It seems tough to believe, but not all that long ago East Asia was not a dominant player in global trade. China and Vietnam were inward-looking command economies and Japan and South Korea needed to rebuild from war before they could build the world’s electronics.
Over the next decades, however, the region experienced rapid economic integration. Hong Kong, Singapore, South Korea and Taiwan leapt forth as the Asian Tigers, while China emerged as a prominent player in global manufacturing.
Production chains, linked together by intricate webs of free trade agreements, played a fundamental role in this expansion. But these bilateral and multilateral agreements created insiders and outsiders. And as the WTO proved incapable of setting global rules of trade, these side deals became convenient, second-best solutions for countries that wanted to pursue liberalized trade.
As these blocks get bigger and bigger, more and more is at stake. Increasingly, these blocs are not overly focused on tariffs. After all, countries that pursue free trade tend to have lower tariffs to begin with. Thus, the mega-trade deals aren’t so much about removing tariffs as they are about setting the rules of the game; setting the rules on intellectual property rights, on trade sanctions and rules of origin.
Basically all the things the WTO can’t agree on.
So what we now have is a broader competition between East and West, and a narrower competition between the US and China to set those rules of the game for 21st-century trade.
And, while officials would never admit it publicly, this is what drives the US’s interest in the Transatlantic Trade and Investment Partnership (TTIP), a potential trade deal with the European Union, as well as in the Trans-Pacific Partnership (TPP), a proposed deal with Pacific countries.
If both of these agreements materialized, the US would have a key voice in setting the rules on over 60 percent of global commerce. Countries left out, notably the BRICs—Brazil, Russia, India and China—would be forced to either fall in line with the existing rules, or potentially be left out of the loop.
This is why some major Asian economies support TPP – if the west is concerned about China’s rise, imagine how its neighbors feel. Japan, for example, is a country with high labor and product standards – it does not want China setting the rules of trade.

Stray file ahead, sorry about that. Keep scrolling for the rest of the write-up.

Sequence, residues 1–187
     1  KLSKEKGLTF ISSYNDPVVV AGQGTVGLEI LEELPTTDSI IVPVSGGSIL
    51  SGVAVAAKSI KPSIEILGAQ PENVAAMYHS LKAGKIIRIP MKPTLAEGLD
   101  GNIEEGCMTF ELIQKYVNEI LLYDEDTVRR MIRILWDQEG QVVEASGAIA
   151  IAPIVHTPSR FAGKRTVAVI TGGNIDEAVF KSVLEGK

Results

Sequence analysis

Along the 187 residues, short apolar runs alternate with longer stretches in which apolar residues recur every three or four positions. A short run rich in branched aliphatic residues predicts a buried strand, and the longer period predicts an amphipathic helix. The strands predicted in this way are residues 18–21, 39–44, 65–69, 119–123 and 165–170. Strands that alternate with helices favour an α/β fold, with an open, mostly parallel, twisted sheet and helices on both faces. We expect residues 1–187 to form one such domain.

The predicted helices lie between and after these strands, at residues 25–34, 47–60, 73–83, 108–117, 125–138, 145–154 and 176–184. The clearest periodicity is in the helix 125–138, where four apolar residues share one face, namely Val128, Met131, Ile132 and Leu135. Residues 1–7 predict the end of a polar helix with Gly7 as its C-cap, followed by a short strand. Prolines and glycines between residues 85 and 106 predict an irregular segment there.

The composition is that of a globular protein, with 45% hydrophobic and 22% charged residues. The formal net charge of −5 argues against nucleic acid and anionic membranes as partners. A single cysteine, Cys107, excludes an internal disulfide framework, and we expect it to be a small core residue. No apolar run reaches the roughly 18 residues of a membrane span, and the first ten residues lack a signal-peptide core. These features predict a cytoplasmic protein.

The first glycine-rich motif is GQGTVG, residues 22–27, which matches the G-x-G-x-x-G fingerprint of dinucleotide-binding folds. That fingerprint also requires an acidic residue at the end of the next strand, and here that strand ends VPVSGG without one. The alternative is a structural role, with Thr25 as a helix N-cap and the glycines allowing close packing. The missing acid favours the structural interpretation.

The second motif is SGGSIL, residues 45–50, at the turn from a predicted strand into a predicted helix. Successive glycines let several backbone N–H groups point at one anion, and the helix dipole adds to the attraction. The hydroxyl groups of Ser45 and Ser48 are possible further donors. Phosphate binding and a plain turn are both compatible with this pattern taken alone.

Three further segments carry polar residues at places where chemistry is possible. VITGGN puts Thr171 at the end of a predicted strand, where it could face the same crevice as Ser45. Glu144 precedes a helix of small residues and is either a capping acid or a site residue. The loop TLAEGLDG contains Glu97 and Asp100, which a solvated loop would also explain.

So how would TPP effect Asia? According to our model, the four participating Asian countries would benefit greatly from a deep TPP. Vietnam and Malaysia in particular could see strong per capita GDP gains because they would have increased access to the Americas.
Interestingly, the model suggests only modest declines for China (.32 percent of per capita GDP) in a deep TPP scenario. This is because if participating Asian countries want to send more final goods to the Americas, they will have to increase intermediate trade with China.
However, Asian countries have no intention of letting the US and EU write the rules of global trade: A group of Asian countries have combined to develop their own deal called the Regional Comprehensive Economic Partnership (RCEP).
In western media, RCEP is reported as a counter-weight to TPP, but the history of the pact runs deeper than that. RCEP is built out from ASEAN, a successful free trade agreement between South East Asian countries. Critically, RCEP includes China and India, and not the US, and it pays limited attention to labor, quality or environment standards.
Again our model indicates Vietnam and Malaysia could be big winners of RCEP – these are countries already deeply embedded in Asian trade, and they stand to benefit by expanding their network. However, China and India also stand to gain. In fact, we forecast RCEP to be a winning deal for nearly all Asian countries.
But this is just the beginning. After all, TPP and RCEP are not mutually exclusive, and it is entirely feasible that both could be implemented simultaneously. Who wins then? Who loses? And what happens to Asia if we throw TTIP in the mix?
Check out our full study as we go inside the data.